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Quest

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Reply with quote  #1 

Hi all,

I wanted to ask folks on the forum about an issue we found out today.

We purchased a rental property in Riverside County in 2013. This was a foreclosure, so we never met the previous owners, or get any detailed information about the home from the REO bank that owned it.

When I called Riverside county today for a different issue, I found out that the previous owners of the home had applied for a permit to build a second storey addition to this home in 2006, but the permit was voided. But the home right now is actually a 2-storey home, so it looks like that the previous owners built the second storey addition (it is about 900 sq ft total) even though they did not get the building permit approved.

I wanted to ask folks here advice on what we should do. If I were to approach the Riverside county building code department to get this addition legally permitted, how much would the approximate costs be? Will there be a lot of paperwork and other hassle involved in getting this done?

Or would you suggest I stay silent on this matter, since this is how the home was when we bought it and we were not aware of this till today. It does not look like the county knows about this either.

Any advice on this matter would be very helpful. Thanks for your help and suggestions.

rickencin

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Reply with quote  #2 
Doing nothing may be the best choice.  I suppose if you have to evict someone they could make a stink about the house having code violations (so don't ever mention it).  When you sell the house be sure to say something in the disclosures like "it is unknown if the additions are correctly permitted".  If the buyers like the house they may buy it as is. 
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larrywww

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Reply with quote  #3 
No easy answers.  Since you know it's not legal square footage, arguably you can't include it in the description when you sell.  What does the assessor's description say?  If the assessor includes it, there's an argument they must be basing it on something, but not really compelling and air tight, etc.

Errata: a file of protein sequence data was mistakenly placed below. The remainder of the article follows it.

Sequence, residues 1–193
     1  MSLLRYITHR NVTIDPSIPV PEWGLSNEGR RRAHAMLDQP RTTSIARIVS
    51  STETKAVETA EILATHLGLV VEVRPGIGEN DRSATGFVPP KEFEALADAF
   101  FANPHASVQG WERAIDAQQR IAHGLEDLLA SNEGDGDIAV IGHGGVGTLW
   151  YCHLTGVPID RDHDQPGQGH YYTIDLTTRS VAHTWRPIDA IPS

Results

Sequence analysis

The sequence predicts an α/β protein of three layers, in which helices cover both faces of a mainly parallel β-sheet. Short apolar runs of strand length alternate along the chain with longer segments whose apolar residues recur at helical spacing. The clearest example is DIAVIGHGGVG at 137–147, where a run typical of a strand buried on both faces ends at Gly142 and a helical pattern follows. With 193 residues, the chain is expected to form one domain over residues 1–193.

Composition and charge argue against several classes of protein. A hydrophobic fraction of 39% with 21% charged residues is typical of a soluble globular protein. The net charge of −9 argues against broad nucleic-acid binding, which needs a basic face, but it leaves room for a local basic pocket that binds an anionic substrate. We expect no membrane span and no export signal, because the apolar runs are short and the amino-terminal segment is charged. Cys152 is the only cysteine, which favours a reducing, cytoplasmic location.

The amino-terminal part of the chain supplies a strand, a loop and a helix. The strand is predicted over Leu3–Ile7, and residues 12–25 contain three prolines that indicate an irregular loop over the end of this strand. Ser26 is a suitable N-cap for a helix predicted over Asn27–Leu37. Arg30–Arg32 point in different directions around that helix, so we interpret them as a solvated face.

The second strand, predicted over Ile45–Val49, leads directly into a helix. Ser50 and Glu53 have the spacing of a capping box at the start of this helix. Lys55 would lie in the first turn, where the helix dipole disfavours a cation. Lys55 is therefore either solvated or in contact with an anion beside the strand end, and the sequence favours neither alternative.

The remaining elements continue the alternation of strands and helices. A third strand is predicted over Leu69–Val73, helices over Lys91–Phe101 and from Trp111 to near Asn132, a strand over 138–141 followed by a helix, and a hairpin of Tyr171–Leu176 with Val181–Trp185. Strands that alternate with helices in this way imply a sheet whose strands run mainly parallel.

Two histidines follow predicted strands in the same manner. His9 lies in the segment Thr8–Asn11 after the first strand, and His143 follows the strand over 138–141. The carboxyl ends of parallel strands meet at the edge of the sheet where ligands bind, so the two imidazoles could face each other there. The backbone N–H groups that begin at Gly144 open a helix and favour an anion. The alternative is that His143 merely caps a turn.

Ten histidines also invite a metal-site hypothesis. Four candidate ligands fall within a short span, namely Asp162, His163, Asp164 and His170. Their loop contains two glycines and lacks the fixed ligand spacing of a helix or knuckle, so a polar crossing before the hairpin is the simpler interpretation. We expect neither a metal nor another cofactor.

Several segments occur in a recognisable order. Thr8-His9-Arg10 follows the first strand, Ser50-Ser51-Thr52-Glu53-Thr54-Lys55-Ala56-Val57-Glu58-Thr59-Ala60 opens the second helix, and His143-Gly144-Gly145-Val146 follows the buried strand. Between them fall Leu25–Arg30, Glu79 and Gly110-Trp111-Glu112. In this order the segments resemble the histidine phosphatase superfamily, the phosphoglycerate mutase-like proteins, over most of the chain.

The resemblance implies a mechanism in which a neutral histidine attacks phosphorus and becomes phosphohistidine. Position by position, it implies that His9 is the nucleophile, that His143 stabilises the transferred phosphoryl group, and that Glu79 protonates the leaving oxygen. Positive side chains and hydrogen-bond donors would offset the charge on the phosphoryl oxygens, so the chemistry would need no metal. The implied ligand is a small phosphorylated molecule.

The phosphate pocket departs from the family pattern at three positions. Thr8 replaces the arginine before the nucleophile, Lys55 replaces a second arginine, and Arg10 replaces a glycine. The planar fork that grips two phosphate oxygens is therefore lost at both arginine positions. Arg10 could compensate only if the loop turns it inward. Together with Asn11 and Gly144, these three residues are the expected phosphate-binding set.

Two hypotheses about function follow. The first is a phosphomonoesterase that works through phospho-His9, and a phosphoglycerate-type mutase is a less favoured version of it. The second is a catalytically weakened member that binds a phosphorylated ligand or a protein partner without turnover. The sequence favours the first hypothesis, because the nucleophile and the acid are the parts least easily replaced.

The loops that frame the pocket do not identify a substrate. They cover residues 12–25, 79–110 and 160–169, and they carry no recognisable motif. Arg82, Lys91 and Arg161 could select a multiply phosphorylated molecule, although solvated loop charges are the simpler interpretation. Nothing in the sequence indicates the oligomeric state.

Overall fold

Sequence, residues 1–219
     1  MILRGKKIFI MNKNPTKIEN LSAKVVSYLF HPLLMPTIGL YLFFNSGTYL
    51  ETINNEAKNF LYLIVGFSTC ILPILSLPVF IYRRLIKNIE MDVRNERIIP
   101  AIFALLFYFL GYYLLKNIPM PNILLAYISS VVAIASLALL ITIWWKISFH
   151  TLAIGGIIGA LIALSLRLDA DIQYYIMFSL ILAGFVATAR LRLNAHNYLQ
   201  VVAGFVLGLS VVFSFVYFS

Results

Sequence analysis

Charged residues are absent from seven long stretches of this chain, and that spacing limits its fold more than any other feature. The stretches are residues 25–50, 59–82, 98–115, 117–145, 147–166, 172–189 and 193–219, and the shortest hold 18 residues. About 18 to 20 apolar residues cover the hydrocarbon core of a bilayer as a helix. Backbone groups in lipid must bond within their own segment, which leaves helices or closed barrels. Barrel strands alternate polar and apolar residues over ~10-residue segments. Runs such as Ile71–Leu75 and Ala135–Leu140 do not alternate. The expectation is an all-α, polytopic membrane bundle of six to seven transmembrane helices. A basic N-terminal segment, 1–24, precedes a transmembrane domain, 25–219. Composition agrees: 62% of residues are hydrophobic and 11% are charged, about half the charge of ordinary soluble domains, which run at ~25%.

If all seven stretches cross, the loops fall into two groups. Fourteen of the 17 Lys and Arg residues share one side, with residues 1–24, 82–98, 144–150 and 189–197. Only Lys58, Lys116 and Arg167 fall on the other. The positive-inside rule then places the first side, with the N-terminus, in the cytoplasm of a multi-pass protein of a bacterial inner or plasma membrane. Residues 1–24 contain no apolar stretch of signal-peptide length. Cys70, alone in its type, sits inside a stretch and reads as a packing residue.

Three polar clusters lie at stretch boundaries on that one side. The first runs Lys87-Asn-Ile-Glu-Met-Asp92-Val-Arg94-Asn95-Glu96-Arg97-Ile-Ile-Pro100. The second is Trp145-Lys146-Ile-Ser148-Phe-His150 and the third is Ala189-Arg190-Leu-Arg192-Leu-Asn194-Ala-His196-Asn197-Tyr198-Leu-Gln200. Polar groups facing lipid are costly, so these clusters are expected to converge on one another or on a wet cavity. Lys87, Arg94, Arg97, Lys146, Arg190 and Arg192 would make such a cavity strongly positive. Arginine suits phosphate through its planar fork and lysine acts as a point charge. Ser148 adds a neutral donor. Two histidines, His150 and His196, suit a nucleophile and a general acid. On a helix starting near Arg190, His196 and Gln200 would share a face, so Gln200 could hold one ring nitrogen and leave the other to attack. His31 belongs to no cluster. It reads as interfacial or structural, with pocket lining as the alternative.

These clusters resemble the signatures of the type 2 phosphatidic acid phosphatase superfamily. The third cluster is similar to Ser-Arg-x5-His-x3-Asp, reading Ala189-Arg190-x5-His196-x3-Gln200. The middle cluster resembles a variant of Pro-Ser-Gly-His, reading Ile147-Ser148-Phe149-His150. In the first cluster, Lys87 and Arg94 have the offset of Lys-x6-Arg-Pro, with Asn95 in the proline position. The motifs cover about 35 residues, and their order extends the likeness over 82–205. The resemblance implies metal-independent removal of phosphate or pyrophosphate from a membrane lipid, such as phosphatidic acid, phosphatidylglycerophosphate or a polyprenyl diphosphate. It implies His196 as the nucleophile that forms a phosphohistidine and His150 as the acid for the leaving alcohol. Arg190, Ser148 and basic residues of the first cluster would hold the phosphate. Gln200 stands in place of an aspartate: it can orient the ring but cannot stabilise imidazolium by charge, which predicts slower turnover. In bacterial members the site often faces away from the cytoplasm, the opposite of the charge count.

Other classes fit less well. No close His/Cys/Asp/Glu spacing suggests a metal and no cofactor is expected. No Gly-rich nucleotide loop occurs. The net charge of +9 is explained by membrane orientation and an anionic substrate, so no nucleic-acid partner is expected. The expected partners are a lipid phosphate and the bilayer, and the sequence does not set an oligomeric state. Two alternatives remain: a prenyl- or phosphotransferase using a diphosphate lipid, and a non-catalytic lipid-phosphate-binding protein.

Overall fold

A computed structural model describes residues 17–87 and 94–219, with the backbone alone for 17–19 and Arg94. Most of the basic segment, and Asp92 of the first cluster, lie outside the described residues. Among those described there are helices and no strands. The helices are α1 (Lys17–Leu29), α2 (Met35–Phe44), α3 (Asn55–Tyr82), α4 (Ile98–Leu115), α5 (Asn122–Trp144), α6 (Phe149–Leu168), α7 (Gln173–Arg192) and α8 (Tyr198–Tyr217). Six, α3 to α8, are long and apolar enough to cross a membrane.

Consult a builder about what it might cost to make it legal, but tell them to tiptoe around the city if possible.

Even if you build an illegal addition, unless it's a type of construction that isn't zoned for that area or otherwise 
inappropriate for the house in question due to various circumstances, depending on the city, they will sometimes still permit you to build.   Although caveat there might be building moratoria that might apply, etc.  Does it perk?  Probably wouldn't have had the original construction if not.  Is it in a landslide area, liquefaction zone, sandy soil where the city doesn't want to build?     Was original construction according to code?   Did it observe correct setbacks? The possibilities are endless.

Sometimes they double the development fees or install other punishments, but that usually isn't cost prohibitive.  That wouldn't necessarily be a game changer, but other situations might.

The other question you need to ask is what kind of improvements will the city require to "bring it up to current code".  Depending on what the city is seeking to promote, that could be pricey---no way to tell unless you investigate.  But the improved standards might make it somewhat more valuable.

But the one important truth is about the current market---marginal inventory like this needs to be sold in a hot market. Assuming there is some way of legally selling it, that would be the best outcome, if that is possible---but significant obstacles exist to that solution.

These are some considerations, I'm not sure what course of action that would dictate.
thejq

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Reply with quote  #4 
Do you know why it wasn't approved? If the original foundation, supporting columns and beams were not built for 2 story, resubmitting the application will not help you. If so, and the original owner build the 2nd story without proper engineering calculation for load and seismic activity, there could also be liability and safety (eg. personal injury and death) issues if the building ever collapses. Adding a 2nd story is much different from a garage conversion or adding a bathroom, and 900 sft sounds like a significant addition. Without knowing how it's built, I would not be comfortable putting myself and my family in that house. Also if you ask too many questions, the people at the city might become suspicious. A simple Google street view could reveal the violation.

I agree with Larry, there's no easy answer. And whether you can count the footage is probably a secondary concern for you at this point.
brycewheeler